- County names are displayed as ALL-CAPS BLACK ITALICS, and their borders are shown as heavy black lines.
- Precinct boundaries are gray lines.
- Red lines are major roads, generally Interstate, Federal, and State highways.
- As you’d expect, bodies of water are shown as blue areas.
- The blue “dot in square” symbols represent cities and towns, with the names of larger communities displayed in a font of the same color.
For the first map of a given Legislative District — the region within the 2001 boundaries of the LD — add the following:
- The 2001 version of the LD is shaded in a pink/purple color.
- Where the LD borders cover bodies of water, the LD area is just purple.
The second map in the series for the LD — its new extent under the 2011 redistricting — adds the following to the characteristics common to all maps:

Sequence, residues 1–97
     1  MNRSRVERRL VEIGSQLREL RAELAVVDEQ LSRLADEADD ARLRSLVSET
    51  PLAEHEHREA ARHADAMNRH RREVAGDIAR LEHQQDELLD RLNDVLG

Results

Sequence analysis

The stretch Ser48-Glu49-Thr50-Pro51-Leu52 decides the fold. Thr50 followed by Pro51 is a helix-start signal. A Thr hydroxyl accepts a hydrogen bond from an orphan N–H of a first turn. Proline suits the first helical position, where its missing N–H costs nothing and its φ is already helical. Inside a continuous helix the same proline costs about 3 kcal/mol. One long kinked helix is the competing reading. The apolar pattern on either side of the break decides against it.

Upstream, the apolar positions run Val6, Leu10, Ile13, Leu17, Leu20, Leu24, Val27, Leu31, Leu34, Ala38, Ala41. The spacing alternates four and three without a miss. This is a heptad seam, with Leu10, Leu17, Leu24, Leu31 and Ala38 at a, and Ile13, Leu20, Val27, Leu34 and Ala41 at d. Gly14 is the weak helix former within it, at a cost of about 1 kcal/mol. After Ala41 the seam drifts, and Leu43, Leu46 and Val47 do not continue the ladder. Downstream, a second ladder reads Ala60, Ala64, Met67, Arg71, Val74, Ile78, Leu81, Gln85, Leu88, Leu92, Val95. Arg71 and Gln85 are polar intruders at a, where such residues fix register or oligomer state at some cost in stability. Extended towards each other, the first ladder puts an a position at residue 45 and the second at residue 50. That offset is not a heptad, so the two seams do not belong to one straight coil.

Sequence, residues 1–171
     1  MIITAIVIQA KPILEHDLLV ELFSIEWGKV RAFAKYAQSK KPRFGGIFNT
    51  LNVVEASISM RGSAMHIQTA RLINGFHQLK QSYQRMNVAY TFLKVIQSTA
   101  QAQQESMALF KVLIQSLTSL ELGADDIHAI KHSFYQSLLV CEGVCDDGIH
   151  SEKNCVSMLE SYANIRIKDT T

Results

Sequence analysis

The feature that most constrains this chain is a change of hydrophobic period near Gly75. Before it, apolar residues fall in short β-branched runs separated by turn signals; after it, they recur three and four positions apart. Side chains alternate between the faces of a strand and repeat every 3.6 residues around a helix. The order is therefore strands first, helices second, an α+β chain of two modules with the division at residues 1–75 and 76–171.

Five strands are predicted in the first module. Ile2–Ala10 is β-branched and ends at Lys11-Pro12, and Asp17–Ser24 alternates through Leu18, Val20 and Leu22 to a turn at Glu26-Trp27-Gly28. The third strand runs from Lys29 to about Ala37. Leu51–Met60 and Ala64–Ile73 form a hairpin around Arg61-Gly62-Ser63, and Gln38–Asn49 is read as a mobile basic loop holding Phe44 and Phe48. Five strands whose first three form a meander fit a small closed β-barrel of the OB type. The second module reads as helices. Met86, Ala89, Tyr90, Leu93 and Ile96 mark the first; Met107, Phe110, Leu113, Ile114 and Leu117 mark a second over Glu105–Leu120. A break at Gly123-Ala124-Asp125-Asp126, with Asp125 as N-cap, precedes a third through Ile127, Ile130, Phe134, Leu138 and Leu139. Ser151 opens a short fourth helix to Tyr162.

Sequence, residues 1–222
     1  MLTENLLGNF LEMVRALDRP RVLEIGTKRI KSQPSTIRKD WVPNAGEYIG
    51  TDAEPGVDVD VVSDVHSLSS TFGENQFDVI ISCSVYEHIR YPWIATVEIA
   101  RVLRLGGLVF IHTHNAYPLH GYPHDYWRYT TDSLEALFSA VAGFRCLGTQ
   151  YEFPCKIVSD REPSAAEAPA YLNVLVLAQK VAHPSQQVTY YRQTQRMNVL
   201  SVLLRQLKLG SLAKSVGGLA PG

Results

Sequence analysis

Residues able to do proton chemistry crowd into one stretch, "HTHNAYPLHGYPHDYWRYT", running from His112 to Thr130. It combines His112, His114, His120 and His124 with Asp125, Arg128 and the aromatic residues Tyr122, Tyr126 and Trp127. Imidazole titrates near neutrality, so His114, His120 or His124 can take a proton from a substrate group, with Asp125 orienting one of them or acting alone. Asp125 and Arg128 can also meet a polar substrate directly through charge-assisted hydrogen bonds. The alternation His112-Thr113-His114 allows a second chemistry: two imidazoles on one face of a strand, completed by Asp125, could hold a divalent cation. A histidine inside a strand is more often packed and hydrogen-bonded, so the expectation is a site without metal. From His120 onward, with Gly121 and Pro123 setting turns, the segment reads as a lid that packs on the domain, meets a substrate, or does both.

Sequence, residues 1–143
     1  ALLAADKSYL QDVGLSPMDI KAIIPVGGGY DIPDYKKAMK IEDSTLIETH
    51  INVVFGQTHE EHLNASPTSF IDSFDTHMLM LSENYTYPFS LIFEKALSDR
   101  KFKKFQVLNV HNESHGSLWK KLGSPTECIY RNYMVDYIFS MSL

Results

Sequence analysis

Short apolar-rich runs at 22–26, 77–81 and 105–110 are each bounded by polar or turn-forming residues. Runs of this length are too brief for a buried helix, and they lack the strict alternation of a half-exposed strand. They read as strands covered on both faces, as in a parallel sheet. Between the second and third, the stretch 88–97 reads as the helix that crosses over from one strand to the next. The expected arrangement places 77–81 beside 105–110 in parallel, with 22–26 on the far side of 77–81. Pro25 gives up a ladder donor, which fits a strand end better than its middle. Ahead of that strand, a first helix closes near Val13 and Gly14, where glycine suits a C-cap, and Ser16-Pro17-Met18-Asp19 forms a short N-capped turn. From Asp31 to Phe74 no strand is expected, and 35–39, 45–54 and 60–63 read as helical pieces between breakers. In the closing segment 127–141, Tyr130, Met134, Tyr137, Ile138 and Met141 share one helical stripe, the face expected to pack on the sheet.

- The 2011 version of the Legislative District is displayed as a green region.
- Liquid portions of the LD are shown in a slightly different shade of green.
- On this map, the LD is labeled in LARGE BLACK CAPS. There’s also something of a white highlighting on the LD label.
- This map also displays the borders of the new Congressional Districts, marked by thick dashed blue lines. The CDs are labeled in GREEN ITALICS, as “WA-x“.
The third map of the LD superimposes its 2011 and 2001 boundaries. To eliminate a bit of clutter, the Congressional District borders aren’t shown on this one. In this map:
- Territory lost in redistricting (within the LD in 2001, but not in 2011) is shaded in the same pink/purple color that we saw in the first of the three maps.
- Areas that have been added to the LD in the redistricting (not part of the LD in 2001, within the LD in 2011) appear in the same green shading found in the second map.
- Where the two LD boundaries coincide (within the LD in both the 2001 and 2011 maps), that region is shaded brown.